Official statistics from the environment, food and rural affairs committee, report that the UK throws away a staggering 8.1 million tons of food every year.
With figures this high, and ever-new innovations being introduced each year within the logistics industry, fuelling the improvement and efficiency of our supply chains; is there an innovative solution to prevent so much waste occurring; or to even put a stop to this waste for good?
Food businesses can engage in redistribution, by either redistributing their excess food at store-level or implementing a redistribution plan across the supply chain. Starting with a contributing source to the problem, some retailers themselves, are making conscious effort to prevent such waste.
One charity which actively advocates reducing food waste – specifically within the retail and manufacturing sector – is The Waste and Resources Action Programme – WRAP – who hold extensive knowledge of food waste prevention, on a commercial scale.
They are regarded as the go-to organisation for food waste prevention throughout the UK; facilitating the implementation of focused waste prevention strategies; by working closely with manufacturers, retailers, and suppliers – to help them cut waste and achieve financial and environmental savings, within their supply chains.
WRAP propose 5 significant steps to be adopted and implemented by retailers, suppliers, and manufacturers alike: accurately recording waste, accurately costing waste, setting achievable waste reduction goals, identifying and targeting food groups which pose a greater risk of becoming waste, initiating and encouraging an ethos for waste prevention processes to be adopted, and correctly implemented.
It is this shift in focus, which has sparked a collaborative revolution, involving not only retailers; but also manufacturers, suppliers, and charities, in a joint effort to turn WRAP’s practical guidance into realistic and successful approaches for significantly improving resource efficiency, preventing waste.
As such, changes are being made: British multinational groceries and general merchandise retailer Tesco last year publicised their pledge to start publishing the food waste figures of 24 of its major suppliers.
Spring 2016 witnessed the launch of Tesco’s new Perfectly Imperfect range of ‘wonky’ fruit & vegetables; and subsequently in 2017, Tesco announced their preparations to become the only UK retailer to put an end to wasting food, suitable for human consumption.
Tesco proceeded to promise none of its UK stores would wantonly waste perishable produce, by March 2018; revealing their clear strategy, to sell surplus groceries via “reduced to clear” stickers, whilst re-distributing any further unsold food, which would otherwise be disposed of, to local charities.
Tesco is one affirming example of retailers – simultaneously, and seemingly synchronously – upping their game, and beginning to accept their power and responsibility. This stance is adopted, not only for the sake of feeding those in need, but also because of the damaging impact that food waste also imposes on not only the environment, but also the economy.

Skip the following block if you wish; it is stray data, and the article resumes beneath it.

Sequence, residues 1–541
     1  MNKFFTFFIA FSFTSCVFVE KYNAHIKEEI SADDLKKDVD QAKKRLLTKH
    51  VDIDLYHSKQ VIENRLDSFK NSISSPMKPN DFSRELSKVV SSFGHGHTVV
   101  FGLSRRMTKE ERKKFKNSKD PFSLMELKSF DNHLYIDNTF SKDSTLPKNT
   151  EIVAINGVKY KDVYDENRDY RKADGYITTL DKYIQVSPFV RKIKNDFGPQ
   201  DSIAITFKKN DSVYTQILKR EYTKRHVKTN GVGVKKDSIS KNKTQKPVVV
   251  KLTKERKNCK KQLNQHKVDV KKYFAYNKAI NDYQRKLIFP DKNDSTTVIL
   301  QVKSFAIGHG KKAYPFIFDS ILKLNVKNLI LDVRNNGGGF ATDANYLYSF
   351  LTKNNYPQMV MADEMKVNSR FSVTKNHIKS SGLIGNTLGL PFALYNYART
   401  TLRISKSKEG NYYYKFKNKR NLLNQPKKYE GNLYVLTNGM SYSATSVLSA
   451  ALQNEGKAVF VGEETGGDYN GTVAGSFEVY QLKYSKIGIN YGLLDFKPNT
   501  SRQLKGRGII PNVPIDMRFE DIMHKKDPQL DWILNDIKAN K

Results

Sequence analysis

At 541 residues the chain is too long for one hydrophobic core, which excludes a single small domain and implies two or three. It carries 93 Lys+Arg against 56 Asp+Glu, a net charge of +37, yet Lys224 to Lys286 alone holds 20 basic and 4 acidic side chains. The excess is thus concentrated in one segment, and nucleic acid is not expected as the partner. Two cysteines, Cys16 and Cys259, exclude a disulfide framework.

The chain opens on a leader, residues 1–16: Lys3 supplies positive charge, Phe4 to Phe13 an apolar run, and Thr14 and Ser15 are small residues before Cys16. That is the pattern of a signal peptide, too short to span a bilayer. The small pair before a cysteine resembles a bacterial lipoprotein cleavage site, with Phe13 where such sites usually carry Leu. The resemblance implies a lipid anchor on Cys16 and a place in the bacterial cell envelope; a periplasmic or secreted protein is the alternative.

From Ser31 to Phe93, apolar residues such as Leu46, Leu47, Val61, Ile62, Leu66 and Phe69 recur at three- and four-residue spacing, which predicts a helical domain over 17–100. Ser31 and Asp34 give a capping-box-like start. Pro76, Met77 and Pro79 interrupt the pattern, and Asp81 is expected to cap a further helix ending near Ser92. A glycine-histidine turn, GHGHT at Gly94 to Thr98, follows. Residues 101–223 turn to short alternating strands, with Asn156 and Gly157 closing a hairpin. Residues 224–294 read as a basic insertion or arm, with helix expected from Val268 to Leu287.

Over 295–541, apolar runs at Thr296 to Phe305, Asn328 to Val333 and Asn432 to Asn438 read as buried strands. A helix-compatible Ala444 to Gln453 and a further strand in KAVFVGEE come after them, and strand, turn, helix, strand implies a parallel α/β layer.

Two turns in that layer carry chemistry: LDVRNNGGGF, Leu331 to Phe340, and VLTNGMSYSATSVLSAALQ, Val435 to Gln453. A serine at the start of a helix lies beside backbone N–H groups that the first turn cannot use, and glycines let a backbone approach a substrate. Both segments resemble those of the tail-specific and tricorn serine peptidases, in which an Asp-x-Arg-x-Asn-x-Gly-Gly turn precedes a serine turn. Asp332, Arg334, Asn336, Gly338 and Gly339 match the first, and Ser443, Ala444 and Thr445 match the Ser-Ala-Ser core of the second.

Another prime example of the attempts made to unite the industry for both retailers and manufacturers alike, to help reduce the huge amount of food waste, was highlighted within The Grocer’s 2016 ‘waste not want not campaign’.
Similarly, to wrap’s 5 advised steps to reduce waste, The Grocer adopted the principal of measuring waste, aiming to record and ultimately re-evaluate an accurate report of just how much food – which would otherwise have gone to waste – was successfully redistributed.
Although not yet universally perfunctory – the food waste hierarchy – a framework for the management of food surplus and food waste – aims for the prevention of waste and surpluses from occurring in the first place.
According to the Food and Drink Federation (FDF) – tackling food waste wherever it occurs across supply chains is a key priority. Distinguishing the distinction between food surplus and waste is crucial in the food waste hierarchy. Where surpluses cannot be avoided, they stipulate that wherever possible, food redistribution to feed people, is to be maintained as the highest priority.
Despite these clear defined steps, the charity, Wrap, reports that there is still much more work to be done; revealing that an estimated 205,000 tonnes of food waste (nearly 10 times the current figure) remains to be successfully redistributed per year.
Unavoidably, despite this noticeable and substantial increase in the amount of previously wasted food, now being successfully redistributed to charities, it seems that, no matter how sophisticated the ordering systems are, it may remain near impossible to perfectly match the supply and demand for every single retailer, 365 days a year, within such a changeable industry.
Whilst Food waste continues to have significant environmental, social, and economic global implications; it is important to continue to develop incentives for waste prevention, by reducing food surplus throughout the food supply chain.